Answering any question is difficult without context. Building voice assistants in a way that they can gather meaningful context from your activity is possible, albeit difficult.
Optimizing your mobile app for voice control involves significantly rethinking the way we have been searching all these days via text. While texting, people tend to enter queries like ‘restaurants near me’. On voice, they’re more likely to say “suggest a good restaurant?”
These subtle differences need to be carefully thought over to design efficient voice experiences on mobile apps.
Mobile app developers and app marketers can use voice search to their advantage by just making a few changes in their marketing strategy. All this time, keywords have been at the very center of app marketing and SEO. However, when a user performs a voice search, he or she is more likely to ask, “Where is the nearest gas station?” and not “gas stations Dallas Texas.” Most long-tail voice searches are likely, to begin with, ‘what,’ ‘where,’ ‘when,’ ‘why’ and ‘how.’ Marketers need to align their search results based on these questions for their content or app to show up in voice search results.
Opportunities in Voice Tech for Mobile Apps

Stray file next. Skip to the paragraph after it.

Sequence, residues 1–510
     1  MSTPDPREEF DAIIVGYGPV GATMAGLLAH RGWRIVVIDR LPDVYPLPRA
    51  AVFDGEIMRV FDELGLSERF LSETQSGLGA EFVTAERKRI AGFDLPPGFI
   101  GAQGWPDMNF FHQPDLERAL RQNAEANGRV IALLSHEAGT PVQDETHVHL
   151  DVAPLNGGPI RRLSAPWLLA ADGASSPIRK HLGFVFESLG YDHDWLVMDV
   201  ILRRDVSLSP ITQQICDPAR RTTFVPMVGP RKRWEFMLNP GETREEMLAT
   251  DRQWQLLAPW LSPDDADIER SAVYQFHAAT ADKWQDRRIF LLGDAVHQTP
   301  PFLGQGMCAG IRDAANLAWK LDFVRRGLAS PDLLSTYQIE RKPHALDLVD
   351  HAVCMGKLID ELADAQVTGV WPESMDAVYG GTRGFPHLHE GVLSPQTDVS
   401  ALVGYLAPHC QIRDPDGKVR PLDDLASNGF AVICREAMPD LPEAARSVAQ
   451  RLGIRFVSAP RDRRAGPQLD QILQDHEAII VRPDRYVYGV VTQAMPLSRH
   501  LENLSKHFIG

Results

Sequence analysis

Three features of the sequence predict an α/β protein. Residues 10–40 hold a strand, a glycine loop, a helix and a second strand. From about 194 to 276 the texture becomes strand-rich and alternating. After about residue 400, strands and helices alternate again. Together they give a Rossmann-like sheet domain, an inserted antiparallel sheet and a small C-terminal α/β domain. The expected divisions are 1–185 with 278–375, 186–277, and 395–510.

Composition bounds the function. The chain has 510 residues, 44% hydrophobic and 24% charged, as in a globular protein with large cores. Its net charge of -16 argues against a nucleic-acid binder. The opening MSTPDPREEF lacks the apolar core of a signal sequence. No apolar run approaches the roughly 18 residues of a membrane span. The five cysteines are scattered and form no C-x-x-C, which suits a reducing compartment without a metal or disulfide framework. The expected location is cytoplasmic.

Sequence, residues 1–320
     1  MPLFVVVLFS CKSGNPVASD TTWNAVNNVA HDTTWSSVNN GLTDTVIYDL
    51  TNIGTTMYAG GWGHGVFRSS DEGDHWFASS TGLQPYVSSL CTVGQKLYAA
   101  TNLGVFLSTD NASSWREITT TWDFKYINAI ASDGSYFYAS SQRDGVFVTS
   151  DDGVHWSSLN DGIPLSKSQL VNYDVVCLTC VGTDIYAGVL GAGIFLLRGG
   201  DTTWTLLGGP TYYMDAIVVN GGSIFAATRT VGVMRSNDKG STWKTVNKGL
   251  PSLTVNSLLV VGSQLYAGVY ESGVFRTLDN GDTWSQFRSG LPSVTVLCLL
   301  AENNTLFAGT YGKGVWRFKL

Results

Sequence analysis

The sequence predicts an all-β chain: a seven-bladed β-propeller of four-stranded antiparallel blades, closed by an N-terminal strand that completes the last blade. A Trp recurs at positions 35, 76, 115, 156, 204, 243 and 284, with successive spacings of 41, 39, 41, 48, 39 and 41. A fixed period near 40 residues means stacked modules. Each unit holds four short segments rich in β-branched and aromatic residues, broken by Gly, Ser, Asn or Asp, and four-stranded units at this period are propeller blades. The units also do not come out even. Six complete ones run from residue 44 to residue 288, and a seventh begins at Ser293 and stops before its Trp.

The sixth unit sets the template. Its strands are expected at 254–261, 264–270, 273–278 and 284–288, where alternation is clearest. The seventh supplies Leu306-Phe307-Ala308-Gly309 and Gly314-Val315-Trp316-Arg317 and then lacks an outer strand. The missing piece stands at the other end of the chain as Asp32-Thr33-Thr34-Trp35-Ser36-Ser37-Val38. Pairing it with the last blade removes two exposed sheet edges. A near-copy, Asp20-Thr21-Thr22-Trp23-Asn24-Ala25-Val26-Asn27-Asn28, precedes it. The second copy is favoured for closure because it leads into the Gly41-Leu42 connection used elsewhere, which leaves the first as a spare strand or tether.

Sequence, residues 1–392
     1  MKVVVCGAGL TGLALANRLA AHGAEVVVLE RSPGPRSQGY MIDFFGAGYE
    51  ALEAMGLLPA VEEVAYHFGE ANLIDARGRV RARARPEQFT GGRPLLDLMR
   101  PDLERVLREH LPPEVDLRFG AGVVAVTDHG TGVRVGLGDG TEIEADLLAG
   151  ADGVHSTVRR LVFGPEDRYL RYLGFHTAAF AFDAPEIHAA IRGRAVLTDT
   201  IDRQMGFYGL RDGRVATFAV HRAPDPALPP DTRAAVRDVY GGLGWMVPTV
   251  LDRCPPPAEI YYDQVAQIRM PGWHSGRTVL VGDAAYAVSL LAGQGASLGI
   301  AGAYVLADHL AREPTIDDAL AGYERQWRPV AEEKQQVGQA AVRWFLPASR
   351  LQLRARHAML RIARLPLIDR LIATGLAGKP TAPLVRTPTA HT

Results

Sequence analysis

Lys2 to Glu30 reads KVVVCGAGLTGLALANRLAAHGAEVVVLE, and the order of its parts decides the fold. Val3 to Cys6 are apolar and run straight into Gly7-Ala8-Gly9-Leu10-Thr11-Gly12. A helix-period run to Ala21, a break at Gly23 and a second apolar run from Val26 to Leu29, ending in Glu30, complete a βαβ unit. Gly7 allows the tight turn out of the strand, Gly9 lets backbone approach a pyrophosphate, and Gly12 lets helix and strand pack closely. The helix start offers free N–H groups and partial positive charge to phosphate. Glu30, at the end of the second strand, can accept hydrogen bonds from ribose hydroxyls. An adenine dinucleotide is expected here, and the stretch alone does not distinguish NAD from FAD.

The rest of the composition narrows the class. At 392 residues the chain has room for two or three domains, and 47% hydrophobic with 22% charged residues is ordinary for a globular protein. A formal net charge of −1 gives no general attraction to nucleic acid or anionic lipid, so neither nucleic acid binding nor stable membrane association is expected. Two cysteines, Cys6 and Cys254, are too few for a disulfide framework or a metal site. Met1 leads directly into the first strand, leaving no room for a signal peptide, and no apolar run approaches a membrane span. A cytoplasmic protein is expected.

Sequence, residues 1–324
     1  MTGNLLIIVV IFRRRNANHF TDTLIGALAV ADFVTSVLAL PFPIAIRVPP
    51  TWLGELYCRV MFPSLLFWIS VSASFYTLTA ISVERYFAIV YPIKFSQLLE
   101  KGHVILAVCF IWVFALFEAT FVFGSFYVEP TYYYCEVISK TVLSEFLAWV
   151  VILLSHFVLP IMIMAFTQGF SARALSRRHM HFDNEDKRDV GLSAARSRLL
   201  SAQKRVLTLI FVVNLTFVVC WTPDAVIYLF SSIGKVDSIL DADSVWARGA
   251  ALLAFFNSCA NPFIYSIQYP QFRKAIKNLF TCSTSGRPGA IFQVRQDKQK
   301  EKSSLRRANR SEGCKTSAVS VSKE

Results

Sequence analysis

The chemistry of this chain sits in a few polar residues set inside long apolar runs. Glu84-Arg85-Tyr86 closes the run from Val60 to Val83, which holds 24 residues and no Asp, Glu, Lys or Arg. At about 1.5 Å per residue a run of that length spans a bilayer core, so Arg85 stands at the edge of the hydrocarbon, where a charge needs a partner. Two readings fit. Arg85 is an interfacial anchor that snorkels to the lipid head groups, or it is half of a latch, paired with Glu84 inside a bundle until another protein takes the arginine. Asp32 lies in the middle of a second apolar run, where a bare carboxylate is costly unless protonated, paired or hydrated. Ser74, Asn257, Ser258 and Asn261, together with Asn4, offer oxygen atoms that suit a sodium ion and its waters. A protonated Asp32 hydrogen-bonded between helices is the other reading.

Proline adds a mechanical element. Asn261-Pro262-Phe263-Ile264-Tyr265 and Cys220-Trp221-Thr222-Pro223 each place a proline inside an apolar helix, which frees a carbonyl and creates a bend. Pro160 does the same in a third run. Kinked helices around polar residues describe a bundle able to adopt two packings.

Google has become incredibly intelligent and intuitive over the years and search results are insanely precise and accurate today. Clickbait content and low-quality keyword-stuffed content has absolutely no place in the SERPs. Short and quick queries like unit conversions, international time, movie actors’ names, and other precise questions get answered right at the auto-complete stage in the address bar. In an age of such precision, voice search is set to make results even more conversational.
So with consumers increasingly turning to intelligent assistants like Siri, Cortana and Alexa, mobile app developers too must integrate voice search in their apps to provide quicker, sharper and more conversational results. In fact, Google OK is set to revolutionize in-app search with voice. It is imperative that all mobile app development taking place now must be voice-search-compatible. If your app is a restaurant finder, the user should be able to bring the phone or watch to their mouth and say, “Show me some good T-Shirts” and your app should be able to display in-app results immediately.
Voice based interactions with mobile apps are faster, easier, and more convenient. Clearly, mobile app developers need to align with public sentiment and build mobile app experiences that are conversational and interactive. If your app is a good listener, your users will spend more time talking to it, obviously helping you better market your services and build stronger customer relationships. While there are challenges, natural language processing and artificial intelligence have come a long way in addressing a majority of them. With a bit of learning and perseverance, you can build a mobile app that offers user experiences that keep them coming back to you.